Do you keep Narcan in your purse? If not, maybe you should.
Narcan, known generically as Naloxone, is an overdose reversal drug that’s risen in use as the opioid epidemic has continued to grow.
Paramedics have it. Schools have it. But some local experts want everyone to have it.
“We would like most people to carry Naloxone,” said Dr. Scott Phillips, Washington Poison Center’s medical director.
Spokane Regional Health District Syringe Services Coordinator Samantha Carroll tells people to “always” have the drug with them if they can.
“Everybody should carry Narcan. I like to say that because you never know who you will come across,” she said.
If someone is not experiencing an opioid overdose and are mistakenly administered Naloxone, nothing will happen. They will not be hurt.
Per both Washington and Idaho state law, an individual who believes someone is overdosing and administers Narcan cannot be held liable for administering it incorrectly or for anything else regarding the incident.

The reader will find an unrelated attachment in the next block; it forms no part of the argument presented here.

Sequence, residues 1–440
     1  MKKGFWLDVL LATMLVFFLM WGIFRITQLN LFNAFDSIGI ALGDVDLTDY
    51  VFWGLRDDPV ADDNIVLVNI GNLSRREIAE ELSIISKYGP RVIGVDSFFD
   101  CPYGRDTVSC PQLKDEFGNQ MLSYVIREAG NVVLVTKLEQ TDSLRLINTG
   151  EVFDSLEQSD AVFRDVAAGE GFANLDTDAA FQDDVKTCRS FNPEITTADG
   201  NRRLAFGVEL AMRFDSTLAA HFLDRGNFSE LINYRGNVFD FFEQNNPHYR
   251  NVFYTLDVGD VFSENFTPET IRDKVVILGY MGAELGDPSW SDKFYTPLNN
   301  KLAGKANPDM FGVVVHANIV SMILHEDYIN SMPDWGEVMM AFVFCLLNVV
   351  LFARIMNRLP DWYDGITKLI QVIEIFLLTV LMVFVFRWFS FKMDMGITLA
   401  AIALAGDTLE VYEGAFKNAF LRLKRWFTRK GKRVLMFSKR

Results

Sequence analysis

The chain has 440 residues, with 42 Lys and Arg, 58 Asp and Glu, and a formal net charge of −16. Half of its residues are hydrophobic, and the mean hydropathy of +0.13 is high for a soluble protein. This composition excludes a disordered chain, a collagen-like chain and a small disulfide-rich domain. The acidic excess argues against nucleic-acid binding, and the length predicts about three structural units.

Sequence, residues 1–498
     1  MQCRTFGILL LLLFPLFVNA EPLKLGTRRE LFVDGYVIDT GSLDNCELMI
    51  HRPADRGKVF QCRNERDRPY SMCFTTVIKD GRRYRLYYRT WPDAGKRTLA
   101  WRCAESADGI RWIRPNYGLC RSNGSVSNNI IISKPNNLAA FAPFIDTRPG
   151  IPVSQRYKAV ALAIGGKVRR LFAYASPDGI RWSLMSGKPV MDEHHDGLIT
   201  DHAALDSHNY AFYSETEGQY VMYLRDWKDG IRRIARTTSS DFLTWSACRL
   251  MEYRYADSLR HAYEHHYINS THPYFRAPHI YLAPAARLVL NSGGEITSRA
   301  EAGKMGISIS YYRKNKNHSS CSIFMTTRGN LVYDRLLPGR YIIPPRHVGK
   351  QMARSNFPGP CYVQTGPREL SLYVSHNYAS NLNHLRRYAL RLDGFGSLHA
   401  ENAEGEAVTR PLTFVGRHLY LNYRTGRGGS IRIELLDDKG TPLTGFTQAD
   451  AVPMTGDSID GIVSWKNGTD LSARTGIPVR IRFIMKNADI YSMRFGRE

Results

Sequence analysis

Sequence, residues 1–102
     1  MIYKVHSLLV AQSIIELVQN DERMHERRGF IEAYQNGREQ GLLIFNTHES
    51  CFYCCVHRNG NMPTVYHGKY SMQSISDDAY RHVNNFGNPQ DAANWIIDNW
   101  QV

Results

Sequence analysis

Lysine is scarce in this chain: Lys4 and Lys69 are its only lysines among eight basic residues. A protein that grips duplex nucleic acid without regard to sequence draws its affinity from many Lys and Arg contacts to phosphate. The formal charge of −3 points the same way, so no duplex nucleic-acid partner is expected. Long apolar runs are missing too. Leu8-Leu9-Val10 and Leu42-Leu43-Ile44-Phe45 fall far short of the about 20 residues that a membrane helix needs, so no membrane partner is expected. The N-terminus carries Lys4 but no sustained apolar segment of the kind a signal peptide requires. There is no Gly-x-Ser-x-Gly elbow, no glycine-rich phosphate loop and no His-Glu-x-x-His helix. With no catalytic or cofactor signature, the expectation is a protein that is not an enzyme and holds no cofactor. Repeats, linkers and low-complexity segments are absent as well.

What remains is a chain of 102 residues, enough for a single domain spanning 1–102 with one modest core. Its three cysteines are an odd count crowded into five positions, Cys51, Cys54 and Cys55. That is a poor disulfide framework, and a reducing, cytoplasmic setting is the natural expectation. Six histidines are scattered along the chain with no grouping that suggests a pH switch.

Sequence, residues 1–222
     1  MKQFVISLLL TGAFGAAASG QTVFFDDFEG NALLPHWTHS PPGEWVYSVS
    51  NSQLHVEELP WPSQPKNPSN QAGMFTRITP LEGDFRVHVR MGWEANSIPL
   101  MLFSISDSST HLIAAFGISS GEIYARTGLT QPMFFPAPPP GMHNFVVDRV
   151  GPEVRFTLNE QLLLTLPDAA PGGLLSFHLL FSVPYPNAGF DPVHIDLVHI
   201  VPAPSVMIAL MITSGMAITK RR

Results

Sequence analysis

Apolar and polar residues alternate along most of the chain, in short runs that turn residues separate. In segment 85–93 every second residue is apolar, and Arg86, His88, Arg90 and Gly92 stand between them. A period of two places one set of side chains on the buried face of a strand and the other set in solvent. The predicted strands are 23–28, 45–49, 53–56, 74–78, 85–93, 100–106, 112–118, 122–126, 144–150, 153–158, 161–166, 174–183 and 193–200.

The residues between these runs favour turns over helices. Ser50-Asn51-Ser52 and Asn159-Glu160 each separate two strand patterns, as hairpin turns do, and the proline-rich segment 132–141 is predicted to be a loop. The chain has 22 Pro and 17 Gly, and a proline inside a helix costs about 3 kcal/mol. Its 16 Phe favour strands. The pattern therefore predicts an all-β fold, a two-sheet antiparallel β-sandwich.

You can get Naloxone free, it’s easy to use and its quick application is often the difference between someone living or dying.
“If people are trained and not afraid to go up to a stranger and use it, they would make a huge difference in the lives we could save,” Carroll said.
She always has a dose of the drug when she’s in public. Phillips keeps a dose in his pocket, his briefcase and his vehicle.
Despite its availability “probably not that many” people carry around the drug or know how to use it, according to Phillips. Carrying Naloxone becomes even more paramount if you or a family take either a prescription or nonprescription opioid.
West Spokane Wellness Partnership Coordinator Sarah McNew believes anyone who regularly goes into Spokane’s downtown should carry Naloxone and be prepared to use it.
“If you are in an area that’s highly populated with vulnerable populations that use misuse and abuse opioids, then, yes – I think you should be carrying and trained in Narcan in case of an emergency. And unfortunately, that is a lot of places,” she said.